The Public Health and Wellbeing Division in South Gloucestershire Council is running a pilot project aimed at supporting people aged up to 75-years-old, at high risk of developing type-2 diabetes.
The South Gloucestershire Diabetes Prevention Project (SGDPP) involves delivering a structured education programme. It is a six-week course designed to increase participants’ knowledge, skills and confidence to make lifestyle changes that will reduce their risk of developing type-2 diabetes, and improve life expectancy. The group-based self-management education sessions will focus on weight, diet, physical activity, and mental wellbeing. It is the only course of its type currently offered in South Gloucestershire.
‘Educators’ have been trained by X-PERT Health. The sessions will be run by staff from Public Health, the Programme Lead for Physical Activity, Nutrition and Obesity, Exercise on Prescription leaders, a Walking for Health officer, and Diabetes Specialist Nurses. Two patient representatives have also been trained, and will provide peer support within groups.
The project has recruited 60 participants for the first cohort, with education sessions running from January to March 2016. More than 20 participants are on the waiting list for the second cohort, with education sessions planned for April to May 2016.
The SGDPP is supported by a £51,650 innovation fund budget from the Health Education South West Membership Council (HESW). The original application to the HESW for this project was supported by the Active Older People Health Integration Team (APPHLE HIT). The HESW is responsible for driving up the quality of education and training outcomes locally to improve patient care and experiences.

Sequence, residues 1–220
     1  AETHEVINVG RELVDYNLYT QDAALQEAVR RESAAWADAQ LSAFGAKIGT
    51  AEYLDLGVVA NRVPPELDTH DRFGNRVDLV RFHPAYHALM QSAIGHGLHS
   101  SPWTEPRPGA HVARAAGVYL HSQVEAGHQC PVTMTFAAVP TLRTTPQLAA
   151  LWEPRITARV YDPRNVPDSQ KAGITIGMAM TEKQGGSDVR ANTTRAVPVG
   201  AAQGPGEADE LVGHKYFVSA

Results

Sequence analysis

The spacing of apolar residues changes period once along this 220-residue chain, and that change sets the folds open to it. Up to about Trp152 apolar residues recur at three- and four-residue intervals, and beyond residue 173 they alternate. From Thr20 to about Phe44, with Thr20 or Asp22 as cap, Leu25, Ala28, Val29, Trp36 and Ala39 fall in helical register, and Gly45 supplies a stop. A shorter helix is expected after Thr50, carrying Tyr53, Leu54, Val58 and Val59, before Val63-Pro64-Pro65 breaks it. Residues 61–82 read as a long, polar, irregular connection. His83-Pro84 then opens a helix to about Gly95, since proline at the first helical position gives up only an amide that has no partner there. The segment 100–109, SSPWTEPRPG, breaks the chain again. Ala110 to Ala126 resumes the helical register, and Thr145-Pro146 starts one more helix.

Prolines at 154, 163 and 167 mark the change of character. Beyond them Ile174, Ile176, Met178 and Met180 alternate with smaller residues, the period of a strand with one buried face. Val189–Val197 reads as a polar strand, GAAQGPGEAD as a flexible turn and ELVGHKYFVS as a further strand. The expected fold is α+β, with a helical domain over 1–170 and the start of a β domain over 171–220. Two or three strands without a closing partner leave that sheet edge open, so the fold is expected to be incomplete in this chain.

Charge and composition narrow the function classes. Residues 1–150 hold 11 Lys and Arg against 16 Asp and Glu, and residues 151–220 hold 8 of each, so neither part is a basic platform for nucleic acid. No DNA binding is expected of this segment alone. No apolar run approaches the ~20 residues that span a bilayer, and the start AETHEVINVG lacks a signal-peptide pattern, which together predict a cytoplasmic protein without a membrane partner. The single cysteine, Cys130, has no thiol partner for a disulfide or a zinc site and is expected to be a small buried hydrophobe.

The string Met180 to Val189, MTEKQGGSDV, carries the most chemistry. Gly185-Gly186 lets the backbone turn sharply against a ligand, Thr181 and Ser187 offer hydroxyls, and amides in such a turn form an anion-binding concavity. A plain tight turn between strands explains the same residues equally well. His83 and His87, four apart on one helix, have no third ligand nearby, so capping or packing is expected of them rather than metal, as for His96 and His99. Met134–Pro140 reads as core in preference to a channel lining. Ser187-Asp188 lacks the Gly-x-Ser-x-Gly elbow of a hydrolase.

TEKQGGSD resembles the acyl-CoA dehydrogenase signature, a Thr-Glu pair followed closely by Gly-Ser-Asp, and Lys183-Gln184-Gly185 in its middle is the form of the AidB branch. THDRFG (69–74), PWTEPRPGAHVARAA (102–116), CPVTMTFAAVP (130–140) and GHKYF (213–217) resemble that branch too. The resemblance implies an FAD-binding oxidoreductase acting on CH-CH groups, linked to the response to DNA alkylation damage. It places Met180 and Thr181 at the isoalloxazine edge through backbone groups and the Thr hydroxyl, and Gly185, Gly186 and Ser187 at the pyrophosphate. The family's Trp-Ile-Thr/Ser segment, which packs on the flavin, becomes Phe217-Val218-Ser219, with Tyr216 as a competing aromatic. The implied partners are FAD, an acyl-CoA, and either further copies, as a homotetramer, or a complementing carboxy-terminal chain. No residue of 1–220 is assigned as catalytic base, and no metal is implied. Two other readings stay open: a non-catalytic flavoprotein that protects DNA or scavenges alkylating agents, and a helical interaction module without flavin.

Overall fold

The prevalence rate of pre-diabetes in England increased from 11.6% to 35.3% from 2003 to 2011. Structured lifestyle change programmes have been proven to help prevent or delay type-2 diabetes by about 60% in people with pre-diabetes.
The SGDPP is in line with a South Gloucestershire Prevention Strategy that is currently being developed, with a key underlying principle that the approach to prevention should be tailored and targeted with self-care and self-management being a central theme.
The project takes place in the context of development of the NHS National Diabetes Prevention Programme (NDPP), which was announced in the NHS Five Year Forward View. The NDPP sets out the ambition to become the first country to implement at scale, a national evidence-based diabetes prevention programme modelled on proven UK and international models.
Key partners in this initiative are the South Gloucestershire Clinical Commissioning Group, primary care, and voluntary sector agencies. An external evaluation will be led by the University of the West of England (UWE).